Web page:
According to Section 3(e)3 an invention is not patentable if it is a substance obtained by a mere admixture resulting only in the aggregation of the properties of the components thereof or a process for producing such substance.

As per Section 3(d) of the Act, to obtain a patent for the second and subsequent use of a medicament, the therapeutic efficacy must be enhanced or at least a new reactant must be employed in its manufacture.


The provision of section 83 confers power on the Indian Government to make the medicines available to patients at affordable rates. The predominant rationale behind the grant of a compulsory license is to ensure:

  • availability of the patented invention in the market,
  • commercial exploitation of patented invention in India and not merely importation into India,
  • products manufactured under the patent shall be available to the public at the reasonable prices,
  • that patentees derive a reasonable advantage from their patent rights.

The provisions laid down under the said section is in line with the Directive Principles of the state policy under Article 47 of the Constitution of India, which states that it is the duty of the State to raise the level of nutrition and standard of living and to improve the public health.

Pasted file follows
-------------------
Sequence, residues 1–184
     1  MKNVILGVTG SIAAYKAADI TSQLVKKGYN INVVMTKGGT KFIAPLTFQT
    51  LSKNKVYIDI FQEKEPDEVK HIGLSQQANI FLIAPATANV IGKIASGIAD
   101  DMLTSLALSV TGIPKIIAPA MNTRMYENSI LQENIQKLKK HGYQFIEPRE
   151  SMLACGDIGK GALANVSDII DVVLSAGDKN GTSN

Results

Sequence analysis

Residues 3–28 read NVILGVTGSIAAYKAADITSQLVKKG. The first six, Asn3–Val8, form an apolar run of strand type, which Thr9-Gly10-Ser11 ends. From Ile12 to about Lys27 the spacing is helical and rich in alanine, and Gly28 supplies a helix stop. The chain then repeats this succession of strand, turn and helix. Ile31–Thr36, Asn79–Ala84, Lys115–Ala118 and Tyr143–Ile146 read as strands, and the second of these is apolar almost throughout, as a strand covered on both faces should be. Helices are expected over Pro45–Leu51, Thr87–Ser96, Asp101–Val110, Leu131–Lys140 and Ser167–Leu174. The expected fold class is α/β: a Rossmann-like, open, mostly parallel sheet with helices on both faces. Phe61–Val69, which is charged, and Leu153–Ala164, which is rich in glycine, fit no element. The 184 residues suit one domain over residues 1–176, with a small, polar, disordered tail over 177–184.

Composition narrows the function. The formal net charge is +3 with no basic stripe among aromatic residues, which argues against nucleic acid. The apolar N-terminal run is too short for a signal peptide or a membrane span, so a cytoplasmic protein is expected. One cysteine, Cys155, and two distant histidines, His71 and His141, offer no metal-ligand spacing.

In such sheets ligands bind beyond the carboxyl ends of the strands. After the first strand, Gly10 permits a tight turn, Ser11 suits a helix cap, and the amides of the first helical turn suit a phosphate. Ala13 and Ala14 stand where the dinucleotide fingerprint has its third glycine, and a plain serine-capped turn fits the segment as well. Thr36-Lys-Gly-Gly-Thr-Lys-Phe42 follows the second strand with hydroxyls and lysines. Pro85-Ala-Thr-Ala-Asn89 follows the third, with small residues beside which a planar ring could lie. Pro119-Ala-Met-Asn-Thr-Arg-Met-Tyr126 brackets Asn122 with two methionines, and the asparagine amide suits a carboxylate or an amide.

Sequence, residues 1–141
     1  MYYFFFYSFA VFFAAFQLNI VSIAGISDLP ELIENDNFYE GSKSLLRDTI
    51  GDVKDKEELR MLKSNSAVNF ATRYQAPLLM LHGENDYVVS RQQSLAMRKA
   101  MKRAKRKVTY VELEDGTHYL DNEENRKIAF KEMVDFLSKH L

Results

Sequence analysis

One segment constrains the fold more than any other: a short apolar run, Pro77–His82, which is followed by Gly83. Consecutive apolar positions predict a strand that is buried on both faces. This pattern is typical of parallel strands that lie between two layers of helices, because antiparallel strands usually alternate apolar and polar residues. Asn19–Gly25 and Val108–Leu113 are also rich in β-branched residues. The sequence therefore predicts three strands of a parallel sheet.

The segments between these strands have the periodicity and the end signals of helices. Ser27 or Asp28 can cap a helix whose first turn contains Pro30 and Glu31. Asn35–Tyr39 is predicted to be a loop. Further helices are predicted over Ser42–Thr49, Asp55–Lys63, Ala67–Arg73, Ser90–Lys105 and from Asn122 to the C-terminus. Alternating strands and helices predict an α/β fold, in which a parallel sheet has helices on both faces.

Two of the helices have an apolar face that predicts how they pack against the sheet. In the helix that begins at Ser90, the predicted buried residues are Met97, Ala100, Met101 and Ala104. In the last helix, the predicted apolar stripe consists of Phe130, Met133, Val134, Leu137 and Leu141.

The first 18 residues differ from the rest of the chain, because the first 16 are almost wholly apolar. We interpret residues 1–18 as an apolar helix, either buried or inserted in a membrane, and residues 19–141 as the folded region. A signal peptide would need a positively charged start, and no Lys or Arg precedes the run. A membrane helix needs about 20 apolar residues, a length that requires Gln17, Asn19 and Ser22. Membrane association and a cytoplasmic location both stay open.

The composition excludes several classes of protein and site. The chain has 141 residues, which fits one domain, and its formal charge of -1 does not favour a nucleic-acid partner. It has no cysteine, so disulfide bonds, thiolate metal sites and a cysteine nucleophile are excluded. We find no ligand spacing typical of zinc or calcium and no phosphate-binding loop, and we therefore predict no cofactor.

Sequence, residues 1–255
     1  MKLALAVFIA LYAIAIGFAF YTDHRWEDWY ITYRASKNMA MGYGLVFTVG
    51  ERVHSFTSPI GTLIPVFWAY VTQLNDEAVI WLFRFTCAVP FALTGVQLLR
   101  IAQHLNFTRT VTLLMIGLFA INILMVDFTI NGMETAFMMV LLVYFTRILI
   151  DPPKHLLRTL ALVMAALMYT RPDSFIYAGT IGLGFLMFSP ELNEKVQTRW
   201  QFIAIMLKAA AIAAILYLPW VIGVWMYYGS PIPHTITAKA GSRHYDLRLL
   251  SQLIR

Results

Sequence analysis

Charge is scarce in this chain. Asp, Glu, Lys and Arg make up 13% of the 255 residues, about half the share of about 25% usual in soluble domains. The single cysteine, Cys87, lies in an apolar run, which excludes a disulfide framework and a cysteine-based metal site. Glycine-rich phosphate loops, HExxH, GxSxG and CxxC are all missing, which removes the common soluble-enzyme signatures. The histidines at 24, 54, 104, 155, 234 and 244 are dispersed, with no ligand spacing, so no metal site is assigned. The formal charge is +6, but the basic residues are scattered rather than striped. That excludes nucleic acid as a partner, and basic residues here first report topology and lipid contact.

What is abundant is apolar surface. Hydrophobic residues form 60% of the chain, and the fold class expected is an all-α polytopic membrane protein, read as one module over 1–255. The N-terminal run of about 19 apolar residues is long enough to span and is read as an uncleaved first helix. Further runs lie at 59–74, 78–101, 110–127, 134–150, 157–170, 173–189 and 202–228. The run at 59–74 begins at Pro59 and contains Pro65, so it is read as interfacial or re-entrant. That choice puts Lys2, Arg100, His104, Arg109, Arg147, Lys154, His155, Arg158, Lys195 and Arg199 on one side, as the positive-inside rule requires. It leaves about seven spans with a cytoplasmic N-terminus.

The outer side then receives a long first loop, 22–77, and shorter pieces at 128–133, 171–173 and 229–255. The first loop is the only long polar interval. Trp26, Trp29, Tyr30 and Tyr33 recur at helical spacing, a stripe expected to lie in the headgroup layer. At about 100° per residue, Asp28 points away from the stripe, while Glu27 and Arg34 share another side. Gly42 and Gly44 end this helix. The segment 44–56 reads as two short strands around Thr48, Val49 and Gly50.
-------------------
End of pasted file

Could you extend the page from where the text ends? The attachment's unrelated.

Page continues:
A compulsory license (CL) is a license granted by the Government to a third party to use the Patented invention so as to restrict the rights of the Patentee for the purpose of preventing the abuse/misuse of the rights by the property holder and to prevent the negative effect of such action on the public.

As per section 84 of the Act, an application for the grant of CL on patent can be made to the Controller at any time after the expiration of three years from the date of the grant, by any person interested on any of the following grounds:

(a) that the reasonable requirements of the public with respect to the patented invention have not been satisfied, or